And so, we all pretend that buying and selling is about talking. About words and numbers. About qualifications.

But it’s not. The fact is clients make huge, complex, intangible decisions very much on the basis of gut, emotion, feeling, opinion, Kentucky windage, call it what you will.

As sales guru Jeffrey Gitomer says, people buy with the heart, and justify with the brain. It’s not about rational decisions, it’s about about decisions rationalized.

The truth is this: people vastly prefer to buy what they need from people they feel good about. People they trust. People who they believe have their clients’ interests at heart, not just their own. People who make an effort to honestly listen to their clients. People who actually seem to care.

This goes beyond “people buy from people they like,” or “people buy from people similar to themselves.” It’s way more than schmoozing, and finding out common interests.

It gets to the guts of the matter. Do you actually seem to give a damn about me? Do you act like you care about me? Are you working your own agenda, or will you actually listen to mine?

Sales process designs won’t get you there. Metrics and CRM systems won’t get you there. Motivational speeches won’t get you there.

But two things will.

1. Genuine, Honest to Goodness Listening

That’s listening for real. Listening not to find out data, but to find out about the client. Listening not to make or confirm a hypothesis, but to understand another human being. Listening not to find out client needs, but to find out what makes a business and a person tick.

Listening not so you get answers, but listening so that at the end of it, the other fellow feels heard. Listening not to provide great answers, but listening to earn the right to offer those answers later.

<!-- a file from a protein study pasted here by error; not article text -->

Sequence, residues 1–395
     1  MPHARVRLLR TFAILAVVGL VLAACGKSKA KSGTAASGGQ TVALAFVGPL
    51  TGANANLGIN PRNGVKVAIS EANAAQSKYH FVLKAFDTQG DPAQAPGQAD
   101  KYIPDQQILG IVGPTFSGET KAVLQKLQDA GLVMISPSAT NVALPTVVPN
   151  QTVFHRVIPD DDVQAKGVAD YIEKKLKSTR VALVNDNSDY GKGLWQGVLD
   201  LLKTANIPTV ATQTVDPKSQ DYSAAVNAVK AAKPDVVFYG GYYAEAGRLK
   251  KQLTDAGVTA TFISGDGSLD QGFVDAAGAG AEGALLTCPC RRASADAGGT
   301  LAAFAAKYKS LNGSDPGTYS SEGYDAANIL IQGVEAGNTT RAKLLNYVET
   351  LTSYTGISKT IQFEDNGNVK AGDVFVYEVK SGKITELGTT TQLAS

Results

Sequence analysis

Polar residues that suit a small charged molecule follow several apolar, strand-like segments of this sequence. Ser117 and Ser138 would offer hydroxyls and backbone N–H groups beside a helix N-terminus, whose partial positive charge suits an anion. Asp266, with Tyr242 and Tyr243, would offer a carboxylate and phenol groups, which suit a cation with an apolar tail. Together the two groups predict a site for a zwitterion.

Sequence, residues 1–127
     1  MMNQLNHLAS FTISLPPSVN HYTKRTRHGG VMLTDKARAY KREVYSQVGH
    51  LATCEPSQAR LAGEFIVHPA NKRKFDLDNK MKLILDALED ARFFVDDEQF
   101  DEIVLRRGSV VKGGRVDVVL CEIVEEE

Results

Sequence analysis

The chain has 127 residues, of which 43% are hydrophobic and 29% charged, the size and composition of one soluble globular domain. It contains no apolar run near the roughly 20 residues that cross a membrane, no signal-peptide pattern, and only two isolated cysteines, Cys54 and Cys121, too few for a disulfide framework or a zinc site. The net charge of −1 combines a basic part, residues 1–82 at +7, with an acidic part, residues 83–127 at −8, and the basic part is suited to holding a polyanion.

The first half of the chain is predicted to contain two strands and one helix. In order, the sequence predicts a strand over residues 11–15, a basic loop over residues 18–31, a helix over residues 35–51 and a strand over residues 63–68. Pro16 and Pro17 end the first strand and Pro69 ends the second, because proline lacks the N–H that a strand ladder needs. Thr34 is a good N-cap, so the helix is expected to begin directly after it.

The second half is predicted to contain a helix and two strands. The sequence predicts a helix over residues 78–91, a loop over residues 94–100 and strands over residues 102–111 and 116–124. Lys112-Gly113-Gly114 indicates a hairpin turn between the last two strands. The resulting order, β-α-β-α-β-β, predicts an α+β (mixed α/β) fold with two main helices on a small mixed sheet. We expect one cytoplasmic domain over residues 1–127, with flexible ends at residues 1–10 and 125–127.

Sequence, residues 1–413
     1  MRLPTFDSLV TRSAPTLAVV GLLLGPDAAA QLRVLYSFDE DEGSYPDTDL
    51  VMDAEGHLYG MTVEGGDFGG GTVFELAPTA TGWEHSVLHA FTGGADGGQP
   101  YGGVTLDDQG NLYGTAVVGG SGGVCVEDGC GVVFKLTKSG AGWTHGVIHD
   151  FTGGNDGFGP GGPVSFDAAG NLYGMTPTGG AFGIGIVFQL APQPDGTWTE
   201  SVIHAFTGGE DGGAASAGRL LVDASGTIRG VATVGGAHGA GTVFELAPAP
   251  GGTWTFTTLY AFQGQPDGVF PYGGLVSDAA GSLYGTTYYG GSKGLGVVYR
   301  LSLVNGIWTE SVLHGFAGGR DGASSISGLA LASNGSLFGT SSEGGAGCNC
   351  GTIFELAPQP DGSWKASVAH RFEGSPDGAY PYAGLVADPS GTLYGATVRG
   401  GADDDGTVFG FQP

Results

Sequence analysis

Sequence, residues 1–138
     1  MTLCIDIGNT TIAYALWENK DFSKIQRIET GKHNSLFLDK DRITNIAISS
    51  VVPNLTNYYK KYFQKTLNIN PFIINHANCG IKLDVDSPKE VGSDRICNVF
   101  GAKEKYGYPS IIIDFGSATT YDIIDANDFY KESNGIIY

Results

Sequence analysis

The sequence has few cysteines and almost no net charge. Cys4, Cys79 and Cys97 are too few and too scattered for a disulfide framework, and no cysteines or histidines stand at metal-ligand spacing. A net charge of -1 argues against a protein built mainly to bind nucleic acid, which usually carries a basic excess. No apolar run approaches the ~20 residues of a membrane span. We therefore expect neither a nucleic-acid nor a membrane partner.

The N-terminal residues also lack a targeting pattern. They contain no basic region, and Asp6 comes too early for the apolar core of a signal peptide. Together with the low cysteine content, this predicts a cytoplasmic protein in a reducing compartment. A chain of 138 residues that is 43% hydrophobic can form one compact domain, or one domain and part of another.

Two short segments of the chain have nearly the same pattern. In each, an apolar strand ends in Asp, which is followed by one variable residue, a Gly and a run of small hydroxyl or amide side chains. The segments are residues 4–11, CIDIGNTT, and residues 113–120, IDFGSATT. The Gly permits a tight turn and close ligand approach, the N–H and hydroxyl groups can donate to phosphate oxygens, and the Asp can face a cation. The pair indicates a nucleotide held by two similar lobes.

I’ve heard this called yellow-pad listening; no proposal or talking points in front of you, just a blank pad ready to take notes if necessary as issues come up. Whatever you call it, remember another old truism that is still true: People don’t care what you know until they know that you care.

2. Sample Selling

People don’t buy ice cream from verbal descriptions; they buy it from taste. Referrals may get people in the door, but samples sells them. We don’t use samples selling nearly enough in intangibles selling.

Give people a taste of what you do. The very best selling comes from doing, not selling. Assume you’ve got the job, and start working it in the early stages. Don’t say how good you are at tax planning, grab hold of some business issues and show them how you do it — on their data.

If a voice in the back of your mind (or your boss, in the front) says, “don’t give it away,” recognize that they are wrong. There is an inexhaustible supply of problems in this world. Giving away a few solutions doesn’t diminish your value — it earns you the right to solve more of those problems.

If a client shows a pattern of stealing ideas from you, then quietly drop them. After all, that’s the kind of client you’d prefer your competitors to have. You focus on those who want relationships of mutual benefit.

* * *

Listening and sample selling. These are actions, not thoughts. Deeds, not qualifications. Results, not process designs. Most of all, they demonstrate your devotion to client.

After all, would you buy from someone who says, “trust me?” Or from someone who shows you why you should?